Patients may require regular transfusion.
Surgery and embolization have been used for the treatment of pulmonary and cerebral AVMs, with varying success.
Genetic counseling should be offered.

Ehlers – Danlos syndrome, Osteogenesis imperfecta, Pseudoxanthoma elastica and Marfan syndrome. Which are a disorders of collagen with a variable inheritance pattern.
There is abnormal type III collagen which lead to vessel wall weakness.
Typically, patients have hyper flexible joints and elastic skin, and bleed abnormally following injury.
Management:
Treated by the local measures to control the bleeding.

Scurvy (vitamin C deficiency)

Causes an acquired abnormality of collagen leading to bleeding gums, and perifollicular and sub-periosteal hemorrhage.
Treatment:
Through adm. of vitamin C (250mg/day) which produces a rapid improvement.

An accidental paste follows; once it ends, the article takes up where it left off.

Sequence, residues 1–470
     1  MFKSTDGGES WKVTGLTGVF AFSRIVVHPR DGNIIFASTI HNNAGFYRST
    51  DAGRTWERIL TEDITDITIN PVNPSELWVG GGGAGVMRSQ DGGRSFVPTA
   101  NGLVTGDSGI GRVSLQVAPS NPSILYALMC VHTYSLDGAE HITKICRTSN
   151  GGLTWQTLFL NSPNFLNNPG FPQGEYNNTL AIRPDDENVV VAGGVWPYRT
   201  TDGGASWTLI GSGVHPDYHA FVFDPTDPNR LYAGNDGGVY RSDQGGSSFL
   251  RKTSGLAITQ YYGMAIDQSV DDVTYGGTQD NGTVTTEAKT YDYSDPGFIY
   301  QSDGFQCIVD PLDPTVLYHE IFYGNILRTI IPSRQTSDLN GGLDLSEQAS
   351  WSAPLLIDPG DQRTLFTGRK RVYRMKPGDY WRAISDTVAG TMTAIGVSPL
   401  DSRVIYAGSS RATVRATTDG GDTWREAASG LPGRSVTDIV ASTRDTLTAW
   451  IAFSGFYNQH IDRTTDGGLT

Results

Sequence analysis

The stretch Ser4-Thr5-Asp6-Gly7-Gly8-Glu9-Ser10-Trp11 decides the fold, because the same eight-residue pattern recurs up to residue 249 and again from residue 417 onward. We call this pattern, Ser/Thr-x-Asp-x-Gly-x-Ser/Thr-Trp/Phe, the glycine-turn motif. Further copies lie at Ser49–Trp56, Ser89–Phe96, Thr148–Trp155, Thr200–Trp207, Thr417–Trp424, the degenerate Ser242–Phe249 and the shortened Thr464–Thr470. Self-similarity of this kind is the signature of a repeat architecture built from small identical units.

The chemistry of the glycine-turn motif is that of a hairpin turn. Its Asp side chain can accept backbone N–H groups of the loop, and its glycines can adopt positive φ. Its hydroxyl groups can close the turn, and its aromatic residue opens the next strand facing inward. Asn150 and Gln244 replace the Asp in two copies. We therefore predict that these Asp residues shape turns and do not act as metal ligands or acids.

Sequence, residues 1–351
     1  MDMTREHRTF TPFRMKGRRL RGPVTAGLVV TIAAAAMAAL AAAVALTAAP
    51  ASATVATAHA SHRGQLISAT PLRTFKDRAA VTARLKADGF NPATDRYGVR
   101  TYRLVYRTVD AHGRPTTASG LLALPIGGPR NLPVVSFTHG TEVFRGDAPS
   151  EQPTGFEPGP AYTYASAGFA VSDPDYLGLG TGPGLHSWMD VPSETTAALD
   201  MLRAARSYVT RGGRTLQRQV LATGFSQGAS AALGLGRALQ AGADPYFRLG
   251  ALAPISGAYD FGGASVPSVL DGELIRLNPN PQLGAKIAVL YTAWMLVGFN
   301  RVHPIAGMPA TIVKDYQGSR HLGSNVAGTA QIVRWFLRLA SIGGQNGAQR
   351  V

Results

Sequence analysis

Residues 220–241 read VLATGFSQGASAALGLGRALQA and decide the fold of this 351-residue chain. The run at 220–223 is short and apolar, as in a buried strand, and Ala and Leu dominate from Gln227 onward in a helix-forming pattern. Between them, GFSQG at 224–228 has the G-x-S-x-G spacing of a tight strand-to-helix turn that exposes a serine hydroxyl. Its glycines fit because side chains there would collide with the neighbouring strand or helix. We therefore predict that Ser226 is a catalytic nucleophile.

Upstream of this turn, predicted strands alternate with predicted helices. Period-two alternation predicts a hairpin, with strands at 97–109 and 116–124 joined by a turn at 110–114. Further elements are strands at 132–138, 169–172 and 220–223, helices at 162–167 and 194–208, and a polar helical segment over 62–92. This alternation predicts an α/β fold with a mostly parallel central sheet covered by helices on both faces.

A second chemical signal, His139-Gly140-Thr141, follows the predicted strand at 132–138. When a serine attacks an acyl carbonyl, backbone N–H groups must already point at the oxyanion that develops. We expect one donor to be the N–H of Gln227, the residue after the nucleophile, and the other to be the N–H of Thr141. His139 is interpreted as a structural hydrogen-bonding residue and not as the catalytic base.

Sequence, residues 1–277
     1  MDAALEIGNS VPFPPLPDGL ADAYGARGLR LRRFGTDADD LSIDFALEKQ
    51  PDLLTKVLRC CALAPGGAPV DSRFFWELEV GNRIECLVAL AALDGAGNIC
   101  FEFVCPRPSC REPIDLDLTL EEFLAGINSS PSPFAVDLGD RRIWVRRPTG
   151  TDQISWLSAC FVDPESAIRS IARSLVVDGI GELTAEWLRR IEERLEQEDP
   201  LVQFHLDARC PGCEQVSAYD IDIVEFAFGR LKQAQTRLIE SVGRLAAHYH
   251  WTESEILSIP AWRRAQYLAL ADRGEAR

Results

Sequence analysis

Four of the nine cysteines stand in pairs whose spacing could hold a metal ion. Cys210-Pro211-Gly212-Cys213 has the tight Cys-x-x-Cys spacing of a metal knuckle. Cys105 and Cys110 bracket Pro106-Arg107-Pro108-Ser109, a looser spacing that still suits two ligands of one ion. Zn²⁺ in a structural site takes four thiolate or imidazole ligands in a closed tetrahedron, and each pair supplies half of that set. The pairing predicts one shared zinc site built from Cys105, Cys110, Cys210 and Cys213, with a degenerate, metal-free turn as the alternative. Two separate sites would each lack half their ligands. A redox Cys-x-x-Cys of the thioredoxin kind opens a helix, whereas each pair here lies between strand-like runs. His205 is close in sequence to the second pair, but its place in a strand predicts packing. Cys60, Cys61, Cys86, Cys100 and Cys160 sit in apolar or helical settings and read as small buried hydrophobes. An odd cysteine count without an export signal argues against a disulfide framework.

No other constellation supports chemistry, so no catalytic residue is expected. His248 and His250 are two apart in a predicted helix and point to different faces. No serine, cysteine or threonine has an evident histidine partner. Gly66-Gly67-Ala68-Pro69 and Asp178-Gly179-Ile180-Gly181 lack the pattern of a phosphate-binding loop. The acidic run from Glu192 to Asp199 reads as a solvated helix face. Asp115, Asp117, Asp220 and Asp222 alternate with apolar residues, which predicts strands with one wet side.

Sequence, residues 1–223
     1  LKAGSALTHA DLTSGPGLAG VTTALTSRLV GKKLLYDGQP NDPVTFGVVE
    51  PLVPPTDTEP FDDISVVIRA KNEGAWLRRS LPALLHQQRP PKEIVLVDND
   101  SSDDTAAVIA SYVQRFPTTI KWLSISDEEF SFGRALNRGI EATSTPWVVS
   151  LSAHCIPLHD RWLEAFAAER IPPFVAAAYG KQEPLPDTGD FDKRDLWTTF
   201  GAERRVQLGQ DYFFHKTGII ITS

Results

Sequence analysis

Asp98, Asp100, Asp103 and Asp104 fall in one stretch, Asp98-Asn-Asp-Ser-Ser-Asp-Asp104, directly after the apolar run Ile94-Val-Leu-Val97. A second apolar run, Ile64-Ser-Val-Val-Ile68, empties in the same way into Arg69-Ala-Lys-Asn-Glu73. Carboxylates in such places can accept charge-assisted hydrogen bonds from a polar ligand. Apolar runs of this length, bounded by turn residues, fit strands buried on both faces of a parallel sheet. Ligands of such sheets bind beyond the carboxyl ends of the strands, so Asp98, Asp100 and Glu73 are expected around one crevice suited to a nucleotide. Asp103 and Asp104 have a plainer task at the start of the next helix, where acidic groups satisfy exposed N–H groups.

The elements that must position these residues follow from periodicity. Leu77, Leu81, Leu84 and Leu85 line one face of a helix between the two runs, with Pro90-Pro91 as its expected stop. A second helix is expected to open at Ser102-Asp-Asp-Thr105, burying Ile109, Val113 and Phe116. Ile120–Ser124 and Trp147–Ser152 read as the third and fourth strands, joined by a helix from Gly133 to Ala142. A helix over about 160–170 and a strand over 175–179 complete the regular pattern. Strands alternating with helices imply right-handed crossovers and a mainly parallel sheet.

Henoch–Schِnlein purpura is an immune-complex mediated hyper-sensitivity reaction leading to vasculitis.
It occurs most commonly in children after acute infection.
Patients present with purpura (typically affecting the buttocks and extensor surface of the legs), joint and abdominal pains, and haematuria. Renal failure may develop.
The condition is usually self-limiting.

Corticosteroid-induced purpura

It may occur in patients receiving long-term corticosteroid therapy, and in Cushing’s syndrome. Senile purpura
It is common and results from atrophy of the tissues that support cutaneous blood vessels.

Purpura associated with infection

Bacteria, viruses and rickettsia may cause purpura by direct vascular damage or as a result of immune-complex formation.
Overwhelming infection (particularly meningococcal septicemia) is often associated with purpura, thrombo-cytopenia and disseminated intravascular coagulation.
Hyper gamma-globulinemic purpura.
It is ch.ch. by polyclonal hyper gamma globulinemia associated with recurrent attack of purpura.
This occur due to deposition of the Cryoglobulins in the dermal vessels. So, the vessels become fragile and purpura will result.